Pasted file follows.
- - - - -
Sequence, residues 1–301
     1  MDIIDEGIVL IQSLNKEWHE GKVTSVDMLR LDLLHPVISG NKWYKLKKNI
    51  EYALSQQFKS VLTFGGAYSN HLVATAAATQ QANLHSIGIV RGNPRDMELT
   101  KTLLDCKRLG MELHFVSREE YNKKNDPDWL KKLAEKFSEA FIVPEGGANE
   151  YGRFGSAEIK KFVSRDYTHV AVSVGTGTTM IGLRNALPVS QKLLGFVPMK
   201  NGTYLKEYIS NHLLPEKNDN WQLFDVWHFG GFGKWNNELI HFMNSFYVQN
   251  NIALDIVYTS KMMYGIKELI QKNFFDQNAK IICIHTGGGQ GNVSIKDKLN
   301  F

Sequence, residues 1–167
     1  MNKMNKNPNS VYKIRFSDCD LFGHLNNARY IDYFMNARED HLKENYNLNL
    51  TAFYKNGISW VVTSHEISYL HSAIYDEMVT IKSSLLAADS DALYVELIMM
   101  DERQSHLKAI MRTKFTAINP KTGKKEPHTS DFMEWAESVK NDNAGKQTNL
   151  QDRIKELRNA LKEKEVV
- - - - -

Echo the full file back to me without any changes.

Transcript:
Sequence, residues 1–301
     1  MDIIDEGIVL IQSLNKEWHE GKVTSVDMLR LDLLHPVISG NKWYKLKKNI
    51  EYALSQQFKS VLTFGGAYSN HLVATAAATQ QANLHSIGIV RGNPRDMELT
   101  KTLLDCKRLG MELHFVSREE YNKKNDPDWL KKLAEKFSEA FIVPEGGANE
   151  YGRFGSAEIK KFVSRDYTHV AVSVGTGTTM IGLRNALPVS QKLLGFVPMK
   201  NGTYLKEYIS NHLLPEKNDN WQLFDVWHFG GFGKWNNELI HFMNSFYVQN
   251  NIALDIVYTS KMMYGIKELI QKNFFDQNAK IICIHTGGGQ GNVSIKDKLN
   301  F

Sequence, residues 1–167
     1  MNKMNKNPNS VYKIRFSDCD LFGHLNNARY IDYFMNARED HLKENYNLNL
    51  TAFYKNGISW VVTSHEISYL HSAIYDEMVT IKSSLLAADS DALYVELIMM
   101  DERQSHLKAI MRTKFTAINP KTGKKEPHTS DFMEWAESVK NDNAGKQTNL
   151  QDRIKELRNA LKEKEVV